Perplexed, and Meta-Perplexed

A Guide for the PerplexedA Guide for the Perplexed by Dara Horn
My rating: 3 of 5 stars

Reading Dara Horn's "A Guide for the Perplexed" has left me sufficiently perplexed. I'm glad I read the book but I'm also glad I didn't have to read this in school and satisfy the teacher somehow that I knew what the "theme" of the book was. On one hand, novels (like this one) that use interwoven stories across centuries as a device always interest me, because I'm always interested in connections, and parallels. But I had believed, based on the book's description, that technology would play a greater role in the story. Instead, technology was more than counterbalanced by a focus on people, their relationships, why they love and why they hate and why they envy and why sometimes the universe just doesn't make sense to them. How is it that good fortune comes to some but not others? I can say I certainly didn't anticipate the twist of fortunes that bring the novel to a close.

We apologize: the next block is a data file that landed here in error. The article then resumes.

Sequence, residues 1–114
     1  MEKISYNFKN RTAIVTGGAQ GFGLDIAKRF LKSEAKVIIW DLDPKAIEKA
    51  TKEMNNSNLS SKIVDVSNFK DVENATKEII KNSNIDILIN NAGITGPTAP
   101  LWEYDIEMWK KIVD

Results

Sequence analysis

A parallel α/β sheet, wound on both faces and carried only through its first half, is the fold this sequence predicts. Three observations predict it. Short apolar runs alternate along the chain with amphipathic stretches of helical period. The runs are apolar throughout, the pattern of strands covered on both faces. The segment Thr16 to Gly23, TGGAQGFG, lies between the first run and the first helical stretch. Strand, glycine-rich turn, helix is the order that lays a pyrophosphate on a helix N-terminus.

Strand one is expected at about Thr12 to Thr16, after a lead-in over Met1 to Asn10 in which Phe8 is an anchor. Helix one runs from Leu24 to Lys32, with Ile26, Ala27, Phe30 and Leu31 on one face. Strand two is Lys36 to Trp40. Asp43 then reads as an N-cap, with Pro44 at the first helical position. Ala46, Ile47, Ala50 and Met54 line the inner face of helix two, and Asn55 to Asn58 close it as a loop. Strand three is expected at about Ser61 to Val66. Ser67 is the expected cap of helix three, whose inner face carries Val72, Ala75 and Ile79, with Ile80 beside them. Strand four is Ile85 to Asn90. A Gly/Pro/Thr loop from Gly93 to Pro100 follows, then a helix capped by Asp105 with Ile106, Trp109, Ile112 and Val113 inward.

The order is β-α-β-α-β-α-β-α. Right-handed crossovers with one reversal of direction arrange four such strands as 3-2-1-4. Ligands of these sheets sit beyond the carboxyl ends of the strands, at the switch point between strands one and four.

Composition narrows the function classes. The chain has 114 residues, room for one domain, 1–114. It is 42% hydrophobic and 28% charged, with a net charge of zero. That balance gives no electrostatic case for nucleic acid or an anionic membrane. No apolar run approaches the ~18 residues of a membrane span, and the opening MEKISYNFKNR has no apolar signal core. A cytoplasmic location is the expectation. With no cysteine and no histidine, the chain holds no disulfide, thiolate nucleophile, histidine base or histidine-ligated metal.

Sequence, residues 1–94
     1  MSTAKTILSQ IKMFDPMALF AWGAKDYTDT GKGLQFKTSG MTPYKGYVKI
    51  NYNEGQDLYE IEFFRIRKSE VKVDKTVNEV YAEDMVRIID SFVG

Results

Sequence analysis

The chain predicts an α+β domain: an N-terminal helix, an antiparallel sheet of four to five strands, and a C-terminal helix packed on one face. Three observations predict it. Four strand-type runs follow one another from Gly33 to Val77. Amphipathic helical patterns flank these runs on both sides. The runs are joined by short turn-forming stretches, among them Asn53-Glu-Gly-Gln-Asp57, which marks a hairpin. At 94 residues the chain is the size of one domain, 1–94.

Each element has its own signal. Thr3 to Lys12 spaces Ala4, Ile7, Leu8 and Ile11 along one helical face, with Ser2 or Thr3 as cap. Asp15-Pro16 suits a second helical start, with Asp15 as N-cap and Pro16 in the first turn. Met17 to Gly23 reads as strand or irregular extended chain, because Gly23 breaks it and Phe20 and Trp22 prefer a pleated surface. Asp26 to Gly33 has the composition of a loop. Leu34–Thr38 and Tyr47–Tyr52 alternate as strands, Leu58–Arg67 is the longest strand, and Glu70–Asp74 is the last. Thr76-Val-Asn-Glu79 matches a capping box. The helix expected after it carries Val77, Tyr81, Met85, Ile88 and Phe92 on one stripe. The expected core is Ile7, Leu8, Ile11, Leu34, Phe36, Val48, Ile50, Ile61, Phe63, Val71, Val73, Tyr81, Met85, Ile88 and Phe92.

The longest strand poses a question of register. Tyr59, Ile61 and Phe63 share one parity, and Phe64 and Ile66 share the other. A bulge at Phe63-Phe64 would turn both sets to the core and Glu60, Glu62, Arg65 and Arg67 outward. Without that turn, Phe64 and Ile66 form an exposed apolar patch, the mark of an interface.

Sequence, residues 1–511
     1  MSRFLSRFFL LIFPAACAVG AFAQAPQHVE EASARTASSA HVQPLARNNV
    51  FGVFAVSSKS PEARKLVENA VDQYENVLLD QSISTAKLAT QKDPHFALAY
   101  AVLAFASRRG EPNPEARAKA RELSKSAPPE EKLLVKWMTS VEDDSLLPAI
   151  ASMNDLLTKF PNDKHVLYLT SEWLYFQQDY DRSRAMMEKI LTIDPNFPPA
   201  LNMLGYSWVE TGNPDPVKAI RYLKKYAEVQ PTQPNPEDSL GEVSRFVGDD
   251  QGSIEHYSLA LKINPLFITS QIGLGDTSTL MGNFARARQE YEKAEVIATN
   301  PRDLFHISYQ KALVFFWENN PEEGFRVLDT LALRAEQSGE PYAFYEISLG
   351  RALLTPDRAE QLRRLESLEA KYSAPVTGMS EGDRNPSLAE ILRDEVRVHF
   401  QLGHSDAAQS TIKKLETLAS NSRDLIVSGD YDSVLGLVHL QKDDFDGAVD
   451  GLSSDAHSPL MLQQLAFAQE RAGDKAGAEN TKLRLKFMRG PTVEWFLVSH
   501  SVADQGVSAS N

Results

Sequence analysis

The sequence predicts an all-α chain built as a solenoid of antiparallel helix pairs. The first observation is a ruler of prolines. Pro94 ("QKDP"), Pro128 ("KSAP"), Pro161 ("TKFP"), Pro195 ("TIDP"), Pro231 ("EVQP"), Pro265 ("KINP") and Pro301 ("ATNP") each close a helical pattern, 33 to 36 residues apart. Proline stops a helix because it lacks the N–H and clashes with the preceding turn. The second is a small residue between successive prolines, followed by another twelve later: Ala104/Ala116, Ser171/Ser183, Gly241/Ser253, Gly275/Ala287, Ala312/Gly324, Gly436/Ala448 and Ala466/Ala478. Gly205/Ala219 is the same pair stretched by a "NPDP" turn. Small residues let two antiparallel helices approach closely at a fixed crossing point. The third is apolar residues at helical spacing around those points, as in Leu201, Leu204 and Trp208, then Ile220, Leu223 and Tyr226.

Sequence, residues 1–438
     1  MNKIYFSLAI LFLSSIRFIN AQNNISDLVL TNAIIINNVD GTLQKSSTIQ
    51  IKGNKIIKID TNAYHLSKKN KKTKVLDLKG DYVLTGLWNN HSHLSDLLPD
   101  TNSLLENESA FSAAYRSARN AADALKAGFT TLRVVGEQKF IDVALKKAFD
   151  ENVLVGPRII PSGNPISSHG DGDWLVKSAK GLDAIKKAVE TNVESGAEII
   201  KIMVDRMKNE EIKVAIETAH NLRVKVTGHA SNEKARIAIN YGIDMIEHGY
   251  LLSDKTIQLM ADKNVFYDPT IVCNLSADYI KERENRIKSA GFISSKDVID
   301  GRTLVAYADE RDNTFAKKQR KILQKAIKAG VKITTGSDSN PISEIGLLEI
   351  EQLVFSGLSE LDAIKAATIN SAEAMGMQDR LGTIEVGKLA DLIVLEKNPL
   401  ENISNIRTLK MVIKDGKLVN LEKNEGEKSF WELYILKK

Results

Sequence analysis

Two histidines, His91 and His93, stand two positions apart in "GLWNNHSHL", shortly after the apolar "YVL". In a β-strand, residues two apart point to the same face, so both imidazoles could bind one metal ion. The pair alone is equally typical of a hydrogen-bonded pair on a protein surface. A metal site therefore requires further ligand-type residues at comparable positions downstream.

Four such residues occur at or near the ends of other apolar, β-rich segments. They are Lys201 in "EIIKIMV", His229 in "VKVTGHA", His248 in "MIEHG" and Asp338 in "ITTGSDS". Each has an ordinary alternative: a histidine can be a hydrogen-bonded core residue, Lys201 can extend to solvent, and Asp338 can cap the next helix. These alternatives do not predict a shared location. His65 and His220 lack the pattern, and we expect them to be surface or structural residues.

Philosophy plays a key role in this book, underlying all the interrelated timelines of events. And because I had a hard time grasping more than a surface-level understanding of the philosophy, I can't help but wonder what I might have missed that was important. And did I miss what I did because of my own ignorance, or because the author didn't make things sufficiently clear? If I'm left perplexed, whose fault is that?

Perhaps a Cliff Notes booklet analyzing this book could be a guide for the perplexed who have read "A Guide for the Perplexed."

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